I am responding here to an article published by The Presbyterian Outlook and the comments of a Director (Elder John Hamm) of the Presbyterian Board of Pensions. I’m grateful for the witness of The Outlook which strives to bring us reports of our denominational goings-on across the country. I tried to post these comments directly on the response section of the article, but it doesn’t seem to be working, so here it is.
If you’d like to take a look at what got me stirred up, click here to link to the article.
Now to my response:
The comments in the article are among the most painful things I’ve read. Though I have a few trusted friends who are part of the Board of Directors, with comments such as those by Elder Hamm, it is hard not to feel that our livelihoods are being managed by people who don’t make the same connection regarding life in the Body of Christ as I do. Elder Hamm’s statement: “We had no idea it would be our blood” strikes me as the worst kind of arrogance. If we are truly part of the same Body of Christ, shouldn’t there be a continual awareness that whenever one member of the body bleeds, we all bleed?
It is incredible to me that Elder Hamm, who lives in the tonier part of North Dallas in a nearly 5,000 square foot home, would make this statement. (NOTE: Directors’ addresses are publicly noted in Board documents and home sizes are easily found on Zillow.com) Even more incredible is that he would then follow with a description of his “secular” story, stating: “I have been covered by a health care plan for 43 years. If you look at the secular world, that $5,700 is a bargain.” I would like to invite him and his family to live for just a month as many of us who faithfully serve the majority of congregations in the PCUSA. While we lead Sessions and guide Sunday School teachers, we live in small homes and apartments, making do with three kids in one bedroom. While we put in a month’s worth of 50-60 hour weeks because three parishioners died and the boiler blew up, we also have to struggle with old cars that have to be sidelined until we can save enough to pay for the repairs. While we preach and teach and encourage our congregations to live into the call to do justice, we find ourselves in an unjust world where we can’t afford to send our children to college and where one major health problem means taking on years of debt just to pay off the lifetime deductibles.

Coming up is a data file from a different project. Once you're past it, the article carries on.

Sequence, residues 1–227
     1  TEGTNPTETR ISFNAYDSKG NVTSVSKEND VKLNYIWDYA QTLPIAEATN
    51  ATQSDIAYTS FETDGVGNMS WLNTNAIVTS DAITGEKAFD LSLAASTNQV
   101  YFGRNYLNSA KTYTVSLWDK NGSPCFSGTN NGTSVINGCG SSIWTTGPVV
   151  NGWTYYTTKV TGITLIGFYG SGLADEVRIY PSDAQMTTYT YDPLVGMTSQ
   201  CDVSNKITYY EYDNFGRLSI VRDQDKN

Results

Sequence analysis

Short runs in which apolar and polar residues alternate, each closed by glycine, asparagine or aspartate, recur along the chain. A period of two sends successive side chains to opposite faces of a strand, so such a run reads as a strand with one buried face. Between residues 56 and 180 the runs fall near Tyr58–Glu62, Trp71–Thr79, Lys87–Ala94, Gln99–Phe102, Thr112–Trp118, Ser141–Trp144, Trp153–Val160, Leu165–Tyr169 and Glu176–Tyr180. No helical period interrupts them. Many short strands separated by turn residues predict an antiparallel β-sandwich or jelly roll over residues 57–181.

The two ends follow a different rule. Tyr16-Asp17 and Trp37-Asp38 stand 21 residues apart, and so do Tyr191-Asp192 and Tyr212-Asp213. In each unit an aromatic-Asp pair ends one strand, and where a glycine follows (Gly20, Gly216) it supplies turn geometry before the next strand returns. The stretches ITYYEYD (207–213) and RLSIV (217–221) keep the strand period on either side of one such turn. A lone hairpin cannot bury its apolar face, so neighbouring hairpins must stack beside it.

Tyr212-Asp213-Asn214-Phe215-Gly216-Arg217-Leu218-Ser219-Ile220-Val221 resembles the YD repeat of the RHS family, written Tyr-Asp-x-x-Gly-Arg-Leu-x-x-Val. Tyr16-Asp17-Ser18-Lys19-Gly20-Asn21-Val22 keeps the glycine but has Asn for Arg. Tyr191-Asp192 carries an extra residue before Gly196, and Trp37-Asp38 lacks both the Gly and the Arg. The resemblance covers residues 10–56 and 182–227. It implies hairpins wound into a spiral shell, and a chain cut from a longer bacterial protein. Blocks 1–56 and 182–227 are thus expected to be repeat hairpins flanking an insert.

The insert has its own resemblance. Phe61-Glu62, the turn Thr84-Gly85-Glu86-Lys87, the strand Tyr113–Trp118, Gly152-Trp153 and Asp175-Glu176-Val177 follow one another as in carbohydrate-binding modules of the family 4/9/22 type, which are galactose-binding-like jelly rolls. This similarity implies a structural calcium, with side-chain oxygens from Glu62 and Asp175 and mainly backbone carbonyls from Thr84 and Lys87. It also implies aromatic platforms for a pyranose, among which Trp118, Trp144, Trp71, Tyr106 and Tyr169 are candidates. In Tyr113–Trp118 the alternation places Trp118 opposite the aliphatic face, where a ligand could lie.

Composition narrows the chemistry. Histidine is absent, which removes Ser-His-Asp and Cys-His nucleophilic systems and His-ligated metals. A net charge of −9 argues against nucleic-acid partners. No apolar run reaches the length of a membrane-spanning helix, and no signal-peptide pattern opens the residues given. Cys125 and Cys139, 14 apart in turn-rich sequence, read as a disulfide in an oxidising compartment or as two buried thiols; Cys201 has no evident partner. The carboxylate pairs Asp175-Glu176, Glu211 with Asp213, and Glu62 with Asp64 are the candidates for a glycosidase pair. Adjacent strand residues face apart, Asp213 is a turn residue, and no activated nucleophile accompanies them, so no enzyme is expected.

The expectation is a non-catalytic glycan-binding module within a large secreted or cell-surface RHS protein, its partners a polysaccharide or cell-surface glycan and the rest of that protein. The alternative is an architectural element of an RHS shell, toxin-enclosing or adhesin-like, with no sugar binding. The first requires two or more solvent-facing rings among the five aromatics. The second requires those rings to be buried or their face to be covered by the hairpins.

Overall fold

The appropriate phrase isn’t: “There will be blood.” There already IS blood. Our young clergy families who are just getting started in staff positions and solo pastorates in underserved communities and others among us who for our entire ministry have understood God’s call to be that of service to small congregations are already stretched too far with extraordinary seminary loans and simple costs of everyday life with salaries that never come close to what a partner at Ernst and Young earns. If true comparisons are to be made, Elder Hamm might consider trying to live on the pension of a pastor who never made more than $50K a year and who spent the first decade or two of his/her career earning less than $35K. In churches which can only afford to pay these salaries, there is no question where the burden of the increased insurance costs will go. The families who need the most help will be the ones who will suffer.
Of all the battles we have engaged over ordination standards, women’s involvement in the leadership of the church and confessional interpretations, I have stayed true to the denomination that raised me and our theology which has filled me with hope. I have believed it is more important to seek unity in the midst of diversity and that our struggles have bound us more closely together in Christ’s Body. For the first time, I am beginning to wonder if that is true.